The only negative effect I've noticed from doing long rides (double centuries, anything more than 300 km) is that my hands get numb. Might be some nerve damage. And I move my hands around the bars a lot, and shake them out every now and then. The other piece of anecdotal evidence I can offer is that I think my hair is thinning faster from doing endurance stuff, while back when I was racing, short intense efforts seemed to keep my hair growth thicker. Guess I'll have to get back into bike racing if I don't want to go bald. Just anecdotal, though.

Luis
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Old 07-24-12, 07:02 PM   #9
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I was also quite shocked by the insultingly low threshold, which thankfully doesn't apply to walking since for me that raises my heart rate as much as sitting at a desk, and they say nothing about sitting at a desk scarring the heart muscle. At least I have the comfort of knowing I can walk for hours on end without hurting my heart, if nothing else.

My problem is that I have to be in motion in order to feel good. Before I read this article I used to bike all day, and I hammered it. I loved it that way. I rode at a consistent pace of 16 mph, standing on my pedals a third of the time. If I wasn't at work or sleeping, I was on my bike, exploring neighborhoods, wooded trails and just enjoying in the refreshing wind on my face. I have anxiety issues, most of which are related to my health, which miraculously disappear as soon as get on a bike at ride at least 15 miles. Unfortunately, this takes more than an hour to do even at a vigorous pace. When I first read the article, the part that suggested limiting your workout time to less than one hour/day in order to stay healthy hurt the most. My warmup usually lasts about 1 hour...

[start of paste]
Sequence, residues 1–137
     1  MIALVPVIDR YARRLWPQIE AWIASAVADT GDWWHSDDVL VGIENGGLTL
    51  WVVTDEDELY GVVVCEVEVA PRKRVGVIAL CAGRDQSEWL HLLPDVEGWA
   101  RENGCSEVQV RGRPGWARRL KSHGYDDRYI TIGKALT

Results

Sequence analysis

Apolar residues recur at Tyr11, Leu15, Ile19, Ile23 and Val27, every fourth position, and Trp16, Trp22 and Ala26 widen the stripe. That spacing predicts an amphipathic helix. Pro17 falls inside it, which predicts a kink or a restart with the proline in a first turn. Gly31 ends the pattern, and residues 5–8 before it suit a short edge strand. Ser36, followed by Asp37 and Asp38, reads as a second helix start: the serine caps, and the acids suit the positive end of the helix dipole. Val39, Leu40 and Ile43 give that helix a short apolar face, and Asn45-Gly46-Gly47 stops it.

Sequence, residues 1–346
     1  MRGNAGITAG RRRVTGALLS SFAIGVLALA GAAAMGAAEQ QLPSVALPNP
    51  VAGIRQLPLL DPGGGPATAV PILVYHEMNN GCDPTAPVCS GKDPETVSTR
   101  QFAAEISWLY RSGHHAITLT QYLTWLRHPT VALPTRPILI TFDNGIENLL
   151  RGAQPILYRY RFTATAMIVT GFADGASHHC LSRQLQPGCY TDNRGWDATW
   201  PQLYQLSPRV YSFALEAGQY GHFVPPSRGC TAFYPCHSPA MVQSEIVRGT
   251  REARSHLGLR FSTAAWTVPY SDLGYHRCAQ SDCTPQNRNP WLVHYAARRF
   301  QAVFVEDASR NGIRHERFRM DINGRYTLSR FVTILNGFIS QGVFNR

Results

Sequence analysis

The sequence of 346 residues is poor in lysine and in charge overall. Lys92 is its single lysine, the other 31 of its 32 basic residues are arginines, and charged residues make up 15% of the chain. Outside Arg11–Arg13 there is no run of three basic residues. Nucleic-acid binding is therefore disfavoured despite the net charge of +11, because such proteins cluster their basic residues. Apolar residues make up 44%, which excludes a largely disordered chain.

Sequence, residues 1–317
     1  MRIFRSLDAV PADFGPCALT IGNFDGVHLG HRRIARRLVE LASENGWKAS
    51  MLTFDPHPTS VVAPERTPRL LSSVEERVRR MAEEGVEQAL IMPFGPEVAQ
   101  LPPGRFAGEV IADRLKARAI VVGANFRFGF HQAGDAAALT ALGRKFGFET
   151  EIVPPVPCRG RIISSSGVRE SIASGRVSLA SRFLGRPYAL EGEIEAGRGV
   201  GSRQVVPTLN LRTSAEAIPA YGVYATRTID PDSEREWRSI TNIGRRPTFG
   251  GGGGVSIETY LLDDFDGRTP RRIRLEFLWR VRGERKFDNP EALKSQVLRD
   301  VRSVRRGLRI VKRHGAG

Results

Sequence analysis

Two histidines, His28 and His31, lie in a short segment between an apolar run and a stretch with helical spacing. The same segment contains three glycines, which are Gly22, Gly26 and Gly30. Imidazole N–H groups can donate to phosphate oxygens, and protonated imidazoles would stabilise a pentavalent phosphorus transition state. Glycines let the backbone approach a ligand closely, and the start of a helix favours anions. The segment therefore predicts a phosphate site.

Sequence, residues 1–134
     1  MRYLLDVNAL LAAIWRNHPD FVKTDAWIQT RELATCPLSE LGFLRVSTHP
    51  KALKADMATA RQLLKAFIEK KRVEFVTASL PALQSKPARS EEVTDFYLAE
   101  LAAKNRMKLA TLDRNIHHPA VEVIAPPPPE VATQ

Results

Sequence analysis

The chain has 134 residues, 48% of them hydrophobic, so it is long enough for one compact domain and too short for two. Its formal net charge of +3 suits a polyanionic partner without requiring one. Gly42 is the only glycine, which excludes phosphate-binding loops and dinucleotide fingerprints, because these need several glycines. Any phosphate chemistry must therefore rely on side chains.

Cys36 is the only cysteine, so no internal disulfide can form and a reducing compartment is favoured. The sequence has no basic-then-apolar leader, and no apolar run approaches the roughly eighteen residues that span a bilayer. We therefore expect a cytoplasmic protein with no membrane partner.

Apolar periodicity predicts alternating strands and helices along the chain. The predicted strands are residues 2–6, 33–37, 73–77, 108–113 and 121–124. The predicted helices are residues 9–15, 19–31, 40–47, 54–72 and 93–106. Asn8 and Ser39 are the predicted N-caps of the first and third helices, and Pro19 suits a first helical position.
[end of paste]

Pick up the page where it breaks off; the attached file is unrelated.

So what's bad for the heart anyway? I figured I can bike a century at a pace of about 8 - 11 mph and come out of it relatively unchanged internally. Light to moderate exercise probably won't hurt you even if you do it for over the suggested time of 1 hour/day, it probably won't hurt you even if you do it for 2 or 3 hours (It seems plausible... I wish I was a doctor). I figure, as long as I am not sweaty all over, fighting to catch my breath with a heart-rate of 150 bpm the whole time, I am really not doing anything all that vigorous. And most of the time, when I'm out riding, I am not sweaty all over, fighting to catch my breath, I am actually quite comfortable. Sometimes I do get uncomfortable but only for a few minutes, definitely not the whole entire time I'm out biking. I'm 23 now and have been riding for 3 years, even if I did some extremely stupid things, like getting dehydrated and overheated on a few occasion, in these past 3 years, I think -- I hope I can still undo the damage by being more responsible from this point on. This will not deter me from biking.